We know that in one’s personal life, purpose is very significant. It is equally true of organisations and their leaders. Recent studies have shown that leaders with purpose can shape the destiny of company. They can also enhance the sense of fulfilment of the employees.

A new study by the UK organisation, Chartered Institute of Personnel and Development (CIPD), a professional body for HR and people development, studies the role of “purposeful leaders.” When modern managers display purposeful behaviours, employees are less likely to quit, more satisfied, willing to go the extra mile, and less cynical, according to the researchers at the University of Sussex, the University of Greenwich and CIPD.

Professor Catherine Bailey at the University of Sussex said: “Our study shows that the modern workplace is as much a battle for hearts and minds as it is one of rules and duties.” People increasingly expect an organisational purpose that goes, “beyond the kind of short-termist, financial imperatives.”

“In turn, they respond to leaders who care not just about themselves but wider society, who have strong morals and ethics, and who behave with purpose,”  Bailey added. Not much is known about what causes purposeful leadership or what impact it has — this new study is an attempt to fill this gap, reports DailyScience in June 2017.

Laura Harrison, director of strategy and transformation at the CIPD, said: “Building on a number of studies on trust, decision making, and corporate governance, this study begins an examination of an under considered facet of leadership, purposefulness. Much has been discussed about the critical nature of invoking and ‘living’ purpose in an organisation, but little around the alignment of this purpose to the internal, perhaps hidden, moral compass of an organisation’s leaders.”  So the challenge of any organisation or company is to “enable and support the development of leaders that people actually want to follow.”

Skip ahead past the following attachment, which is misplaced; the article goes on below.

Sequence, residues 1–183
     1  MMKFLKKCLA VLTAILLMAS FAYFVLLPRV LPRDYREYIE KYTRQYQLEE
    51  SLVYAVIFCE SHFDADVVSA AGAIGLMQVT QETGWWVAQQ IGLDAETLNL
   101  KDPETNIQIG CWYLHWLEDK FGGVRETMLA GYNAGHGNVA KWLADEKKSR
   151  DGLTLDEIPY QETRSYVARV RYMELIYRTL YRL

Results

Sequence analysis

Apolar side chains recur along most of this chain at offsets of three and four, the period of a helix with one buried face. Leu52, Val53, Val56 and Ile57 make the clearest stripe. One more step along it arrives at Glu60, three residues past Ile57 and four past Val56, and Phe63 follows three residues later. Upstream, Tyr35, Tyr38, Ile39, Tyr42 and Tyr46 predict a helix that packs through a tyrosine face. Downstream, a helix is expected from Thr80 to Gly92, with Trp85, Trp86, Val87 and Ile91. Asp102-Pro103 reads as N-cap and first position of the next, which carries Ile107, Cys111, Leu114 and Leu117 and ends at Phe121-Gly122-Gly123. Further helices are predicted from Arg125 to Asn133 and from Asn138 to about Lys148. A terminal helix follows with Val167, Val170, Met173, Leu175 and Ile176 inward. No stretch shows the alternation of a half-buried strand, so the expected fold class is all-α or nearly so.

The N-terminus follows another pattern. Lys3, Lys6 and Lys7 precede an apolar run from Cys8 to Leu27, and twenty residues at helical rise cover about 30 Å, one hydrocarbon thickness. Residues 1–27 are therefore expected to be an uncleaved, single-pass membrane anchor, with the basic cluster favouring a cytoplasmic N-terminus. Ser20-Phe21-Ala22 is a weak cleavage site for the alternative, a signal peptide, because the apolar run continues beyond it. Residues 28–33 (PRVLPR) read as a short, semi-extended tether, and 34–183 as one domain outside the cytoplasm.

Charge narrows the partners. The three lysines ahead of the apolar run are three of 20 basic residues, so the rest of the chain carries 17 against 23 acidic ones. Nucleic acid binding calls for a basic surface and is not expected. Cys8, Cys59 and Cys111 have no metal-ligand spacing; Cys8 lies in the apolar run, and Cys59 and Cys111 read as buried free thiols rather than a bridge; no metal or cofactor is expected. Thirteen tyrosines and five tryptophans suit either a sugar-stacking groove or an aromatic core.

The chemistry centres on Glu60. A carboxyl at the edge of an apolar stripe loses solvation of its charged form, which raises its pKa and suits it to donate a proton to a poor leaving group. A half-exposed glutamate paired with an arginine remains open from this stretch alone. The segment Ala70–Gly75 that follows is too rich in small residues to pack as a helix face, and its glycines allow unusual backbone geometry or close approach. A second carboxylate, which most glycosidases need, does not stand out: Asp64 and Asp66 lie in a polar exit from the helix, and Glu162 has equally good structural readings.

The research found that just one in five UK bosses describes themselves as a purposeful leader, highlighting a largely untapped opportunity for modern organisations to improve performance by reshaping the role of leaders. The researchers indicates that organisations need to foster purposeful and ethical leadership, including the adoption of relevant policies, leader role-modelling, alignment around a core vision, and organisational culture.

Dr Amanda Shantz, University of Greenwich opined: “If organisations are serious about acting on the rhetoric of business purpose, and are to invest in achievement of their purpose, they have to reconsider the ways they select, develop and assess leaders. The traditional focus on leader behaviours only goes so far as to develop their ability to perform in a role. Instead, what is required is a development of the whole person, while accepting that it is impossible to mould all individuals into a uniform model of morals and ethics.”

Thus the challenge before the company is “not in trying to achieve perfect match between leaders’ and organisational values, but in ensuring that they complement each other in ways that best suit organisational circumstances at a given time. This includes supporting leaders to successfully recognise and negotiate the differences between what they stand for and what the business intends to achieve.”

Thus we need to recognise three-fold purpose: that of the company, of the leaders and the workers. The challenge before every successful organisation is to recognise that these purposes are different and yet complementary. When leaders and employees of the organisation can individually and collectively recognise their larger purpose, the company ambience becomes more fulfilling or satisfying.  The discovery of a larger purpose enables the organisation and its members to be more committed, enduring  and endearing.

 (The writer is professor of science, religion and philosophy and author of Gratefully and Gracefully)

Kuruvilla Pandikattu